Saturday, January 27, 2007

January 26 Flu Update

Revere looks at the crystal ball and finds it as cloudy as everyone else does.

Story looks at flu around the world, mostly on Indonesia bringing troops in to fight the bird flu.

ProMed on Indonesia (cats), Hungary and Japan.

ProMed on a suspected outbreak in Azerbaijan.

Culture clash in Indonesia. The people love their birds. I mean, they love their birds. Yet, they are being told they have to be culled. (Revere has compared this to asking people in US to turn their dogs over to be culled).

Does bird flu mutate more quickly in cats?

Ukraine and Russia have banned imports of Hungarian poultry following an outbreak there (now, why are countries hesitant to be transparent).

The US donated 100,000 sets of personal protective equipment to Indonesia.

Japan has a cull of 50,ooo birds scheduled.

China says it had success with bird flu (thanks to the Central Government) and is determined to continue the success.


The US Society of Infectious Diseases says all US healthcare workers should get the flu shot.

Columbiana County, OH, is preparing for a pandemic.

1 Comments:

At 1:25 PM, Blogger Wulfgang said...

Orange;

Nice set of news articles you posted today. I mostly dismissed the China Daily article as propaganda which mostly appeared to be communist spin from their controlled news media.

The remaining articles, starting with Revere, and ProMed, and the news about infected cats and exotic pet birds, got me thinking about how to put the whole bird flu situation in the proper perspective. I started by pondering - what are the most prevalent infectious diseases that kill and disable people throughout the world? And knowing that, why are they, as well as H5N1, continuing to emerge, re-emerge and become endemic in society ?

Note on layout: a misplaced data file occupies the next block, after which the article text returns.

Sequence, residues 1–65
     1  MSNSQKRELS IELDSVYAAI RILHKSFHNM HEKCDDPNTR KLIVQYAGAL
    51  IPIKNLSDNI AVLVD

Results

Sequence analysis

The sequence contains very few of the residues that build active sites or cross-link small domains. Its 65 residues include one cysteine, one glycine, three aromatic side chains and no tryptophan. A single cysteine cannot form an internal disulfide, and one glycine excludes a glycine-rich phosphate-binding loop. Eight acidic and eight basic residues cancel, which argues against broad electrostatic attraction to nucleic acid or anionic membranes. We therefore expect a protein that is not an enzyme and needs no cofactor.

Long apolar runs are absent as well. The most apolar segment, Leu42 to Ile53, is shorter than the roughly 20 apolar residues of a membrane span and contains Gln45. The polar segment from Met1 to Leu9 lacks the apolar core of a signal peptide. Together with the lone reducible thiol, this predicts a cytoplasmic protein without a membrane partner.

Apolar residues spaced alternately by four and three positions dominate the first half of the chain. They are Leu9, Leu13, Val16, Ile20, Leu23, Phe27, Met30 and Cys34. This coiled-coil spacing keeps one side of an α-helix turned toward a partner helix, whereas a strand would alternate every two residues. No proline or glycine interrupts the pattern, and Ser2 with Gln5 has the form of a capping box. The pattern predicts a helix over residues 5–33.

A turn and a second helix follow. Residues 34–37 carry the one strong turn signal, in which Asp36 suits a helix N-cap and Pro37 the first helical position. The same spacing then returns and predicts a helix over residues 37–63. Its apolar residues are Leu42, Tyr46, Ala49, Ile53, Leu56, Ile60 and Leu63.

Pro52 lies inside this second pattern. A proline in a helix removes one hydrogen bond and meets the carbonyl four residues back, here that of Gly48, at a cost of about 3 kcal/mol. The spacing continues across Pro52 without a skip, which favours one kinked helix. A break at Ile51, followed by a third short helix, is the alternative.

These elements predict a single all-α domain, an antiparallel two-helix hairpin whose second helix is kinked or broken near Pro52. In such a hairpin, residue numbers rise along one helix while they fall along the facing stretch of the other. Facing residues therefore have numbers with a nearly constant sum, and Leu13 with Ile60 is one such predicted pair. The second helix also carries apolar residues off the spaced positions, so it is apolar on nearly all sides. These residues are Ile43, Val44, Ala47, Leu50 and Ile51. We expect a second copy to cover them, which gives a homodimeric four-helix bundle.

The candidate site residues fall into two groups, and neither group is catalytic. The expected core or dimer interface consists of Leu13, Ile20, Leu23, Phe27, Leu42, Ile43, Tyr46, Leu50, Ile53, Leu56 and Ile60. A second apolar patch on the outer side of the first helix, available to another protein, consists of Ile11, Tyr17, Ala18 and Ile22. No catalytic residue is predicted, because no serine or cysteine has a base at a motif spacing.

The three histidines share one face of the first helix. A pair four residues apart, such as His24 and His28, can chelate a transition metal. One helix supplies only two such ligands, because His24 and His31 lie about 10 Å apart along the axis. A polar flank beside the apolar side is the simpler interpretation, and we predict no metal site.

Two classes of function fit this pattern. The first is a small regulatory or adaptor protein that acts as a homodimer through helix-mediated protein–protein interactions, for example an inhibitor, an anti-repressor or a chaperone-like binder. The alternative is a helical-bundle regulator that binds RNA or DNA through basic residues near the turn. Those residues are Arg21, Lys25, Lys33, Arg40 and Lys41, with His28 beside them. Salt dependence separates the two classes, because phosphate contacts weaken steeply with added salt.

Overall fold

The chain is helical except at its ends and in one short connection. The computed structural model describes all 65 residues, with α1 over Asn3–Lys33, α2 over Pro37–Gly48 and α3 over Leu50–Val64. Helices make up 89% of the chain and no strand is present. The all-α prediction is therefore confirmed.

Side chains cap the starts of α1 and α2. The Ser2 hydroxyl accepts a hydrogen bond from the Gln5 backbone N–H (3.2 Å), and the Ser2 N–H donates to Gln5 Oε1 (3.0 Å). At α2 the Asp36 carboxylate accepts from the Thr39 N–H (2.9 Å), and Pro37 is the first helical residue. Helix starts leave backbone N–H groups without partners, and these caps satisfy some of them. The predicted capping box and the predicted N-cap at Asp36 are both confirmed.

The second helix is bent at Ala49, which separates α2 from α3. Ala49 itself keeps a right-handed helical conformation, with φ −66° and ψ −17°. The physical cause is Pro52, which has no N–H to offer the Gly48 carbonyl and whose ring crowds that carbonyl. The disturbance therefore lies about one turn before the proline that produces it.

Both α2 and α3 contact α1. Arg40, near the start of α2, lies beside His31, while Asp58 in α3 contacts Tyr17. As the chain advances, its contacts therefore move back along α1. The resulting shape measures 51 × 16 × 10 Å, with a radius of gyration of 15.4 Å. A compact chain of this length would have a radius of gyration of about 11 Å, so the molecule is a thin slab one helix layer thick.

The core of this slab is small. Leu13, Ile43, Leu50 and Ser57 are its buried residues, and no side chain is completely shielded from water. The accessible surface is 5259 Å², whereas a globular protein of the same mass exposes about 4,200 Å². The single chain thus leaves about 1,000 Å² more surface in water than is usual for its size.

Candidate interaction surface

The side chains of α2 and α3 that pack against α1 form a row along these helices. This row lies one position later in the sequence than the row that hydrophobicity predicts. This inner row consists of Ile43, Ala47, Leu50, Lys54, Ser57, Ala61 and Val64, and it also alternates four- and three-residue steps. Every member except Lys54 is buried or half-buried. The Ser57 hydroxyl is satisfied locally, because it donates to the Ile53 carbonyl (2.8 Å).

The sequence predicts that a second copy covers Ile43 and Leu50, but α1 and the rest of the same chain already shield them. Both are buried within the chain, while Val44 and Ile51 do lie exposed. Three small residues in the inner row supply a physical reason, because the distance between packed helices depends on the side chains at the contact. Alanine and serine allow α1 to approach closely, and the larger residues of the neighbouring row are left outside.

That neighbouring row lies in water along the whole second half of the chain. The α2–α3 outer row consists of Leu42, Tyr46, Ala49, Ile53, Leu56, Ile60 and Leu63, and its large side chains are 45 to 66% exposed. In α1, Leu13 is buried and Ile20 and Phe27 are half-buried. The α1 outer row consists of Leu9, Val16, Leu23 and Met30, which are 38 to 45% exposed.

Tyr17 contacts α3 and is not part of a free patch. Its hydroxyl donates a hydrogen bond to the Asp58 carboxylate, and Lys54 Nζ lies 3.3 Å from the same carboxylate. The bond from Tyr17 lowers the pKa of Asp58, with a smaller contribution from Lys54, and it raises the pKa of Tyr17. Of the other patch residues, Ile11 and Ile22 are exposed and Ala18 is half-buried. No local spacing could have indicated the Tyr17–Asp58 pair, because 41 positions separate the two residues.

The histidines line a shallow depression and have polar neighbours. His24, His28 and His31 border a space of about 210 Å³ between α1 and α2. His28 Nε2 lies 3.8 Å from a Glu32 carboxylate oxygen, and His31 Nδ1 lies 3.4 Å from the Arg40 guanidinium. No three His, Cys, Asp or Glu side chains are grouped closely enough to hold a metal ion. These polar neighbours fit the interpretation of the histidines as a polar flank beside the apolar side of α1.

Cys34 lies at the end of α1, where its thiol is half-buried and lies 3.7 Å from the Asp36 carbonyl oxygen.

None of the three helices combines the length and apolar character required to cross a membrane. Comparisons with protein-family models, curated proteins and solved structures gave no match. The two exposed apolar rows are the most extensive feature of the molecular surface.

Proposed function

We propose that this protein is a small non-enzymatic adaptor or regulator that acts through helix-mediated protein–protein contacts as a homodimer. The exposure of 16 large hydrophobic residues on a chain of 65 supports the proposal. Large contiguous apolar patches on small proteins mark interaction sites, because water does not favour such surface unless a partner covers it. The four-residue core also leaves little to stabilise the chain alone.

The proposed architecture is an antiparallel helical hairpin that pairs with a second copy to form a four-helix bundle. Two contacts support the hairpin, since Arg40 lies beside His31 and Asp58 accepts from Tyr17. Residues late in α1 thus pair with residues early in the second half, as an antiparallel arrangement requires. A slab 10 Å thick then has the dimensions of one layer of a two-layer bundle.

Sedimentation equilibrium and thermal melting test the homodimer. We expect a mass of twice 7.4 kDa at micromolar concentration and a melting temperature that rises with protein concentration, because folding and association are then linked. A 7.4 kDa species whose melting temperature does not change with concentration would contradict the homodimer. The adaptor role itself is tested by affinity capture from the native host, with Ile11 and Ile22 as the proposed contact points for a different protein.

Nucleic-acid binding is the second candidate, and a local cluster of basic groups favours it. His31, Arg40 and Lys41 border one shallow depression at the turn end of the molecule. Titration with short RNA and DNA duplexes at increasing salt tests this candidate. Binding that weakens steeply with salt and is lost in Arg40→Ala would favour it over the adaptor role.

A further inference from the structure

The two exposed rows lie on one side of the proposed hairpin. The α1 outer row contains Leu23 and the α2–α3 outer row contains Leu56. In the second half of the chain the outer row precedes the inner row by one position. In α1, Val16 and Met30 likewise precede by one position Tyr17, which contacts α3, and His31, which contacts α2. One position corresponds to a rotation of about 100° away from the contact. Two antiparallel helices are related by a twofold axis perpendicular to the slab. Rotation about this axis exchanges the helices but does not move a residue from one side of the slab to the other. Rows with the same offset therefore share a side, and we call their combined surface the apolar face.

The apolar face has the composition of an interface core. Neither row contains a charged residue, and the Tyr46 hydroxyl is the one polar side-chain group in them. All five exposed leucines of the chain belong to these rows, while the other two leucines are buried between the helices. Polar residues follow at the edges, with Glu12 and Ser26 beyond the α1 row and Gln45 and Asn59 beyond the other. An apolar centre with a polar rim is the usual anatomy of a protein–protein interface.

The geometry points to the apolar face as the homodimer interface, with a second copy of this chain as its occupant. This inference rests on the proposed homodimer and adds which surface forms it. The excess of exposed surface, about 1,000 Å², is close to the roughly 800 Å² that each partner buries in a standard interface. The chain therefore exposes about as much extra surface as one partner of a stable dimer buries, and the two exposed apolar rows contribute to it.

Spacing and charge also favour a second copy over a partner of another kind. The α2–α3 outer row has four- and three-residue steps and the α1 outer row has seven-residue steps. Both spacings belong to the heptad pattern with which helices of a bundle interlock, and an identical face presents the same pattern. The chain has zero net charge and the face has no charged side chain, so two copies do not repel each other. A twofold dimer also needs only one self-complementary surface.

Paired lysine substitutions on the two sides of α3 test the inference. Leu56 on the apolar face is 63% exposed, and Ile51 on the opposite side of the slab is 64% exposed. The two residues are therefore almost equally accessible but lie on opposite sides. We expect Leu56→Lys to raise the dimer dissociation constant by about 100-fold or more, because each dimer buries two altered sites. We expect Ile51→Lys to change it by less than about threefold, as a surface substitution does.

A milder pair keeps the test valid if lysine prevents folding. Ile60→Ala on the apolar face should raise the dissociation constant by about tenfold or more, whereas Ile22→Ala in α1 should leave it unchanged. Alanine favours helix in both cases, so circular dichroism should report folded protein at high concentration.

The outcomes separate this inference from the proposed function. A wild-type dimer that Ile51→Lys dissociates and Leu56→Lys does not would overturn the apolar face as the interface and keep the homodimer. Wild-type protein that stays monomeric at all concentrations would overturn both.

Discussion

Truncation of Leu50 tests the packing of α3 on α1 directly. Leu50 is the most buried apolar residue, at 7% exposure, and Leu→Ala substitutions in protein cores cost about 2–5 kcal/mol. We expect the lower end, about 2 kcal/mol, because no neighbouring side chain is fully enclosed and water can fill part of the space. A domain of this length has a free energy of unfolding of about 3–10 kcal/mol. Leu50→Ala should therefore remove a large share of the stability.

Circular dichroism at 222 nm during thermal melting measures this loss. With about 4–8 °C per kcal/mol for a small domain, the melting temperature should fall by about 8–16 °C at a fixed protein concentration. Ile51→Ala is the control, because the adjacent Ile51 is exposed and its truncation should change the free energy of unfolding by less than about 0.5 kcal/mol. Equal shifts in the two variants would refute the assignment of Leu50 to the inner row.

Here’s what I found out… the source: WHO and HHS infectious disease statistics.

The top ten Infectious diseases, ranked by annual mortality in the world, are:

1. Lower Respiratory Infections – 4.5M (pneumonia, influenzas, bronchitis)
2. HIV/AIDS- 3.0M
3. Diarrhoea- 2.2M (cholera, botulism, E. Coli)
4. Tuberculosis- 2.0M
5. Malaria- 1.3M
6. Measles- .530M
7. Whooping Cough- .300M
8. Tetanus - .214M
9. Meningitis- .174M
10. Syphilis- .157M
11. Tropical Diseases - .030M (dengue, , yellow fever, …)

The most significant characteristic that each of the top four diseases have on this list is – they are all continuing to evolve and mutate into highly drug resistant parasites. Lower respiratory infections, including influenza, is the number one killer in the world.

Annual normal influenza epidemics only affect 5-15% of the populations and affect high risk groups – mostly the elderly and ill, but looking back upon the history of related epidemics and pandemic are some really revealing statistics and facts. The Black Death which occurred between 1347 and 1352, killed 25M people in Europe, which was nearly 50% of the entire 500M world population at that time. Between 1518 and 1568, due to the introduction of smallpox, measles and typhus by European explorers to Central and South America, the population of Mexico fell from 20M to 3M. The first European influenza epidemic occurred between 1556 and 1560, and had a mortality rate of 20%. The Influenza Pandemic of 1918, had a mortality rate of approximately 2.5% and killed 50M people, or about 2% of the 1.7B population of the world at that time.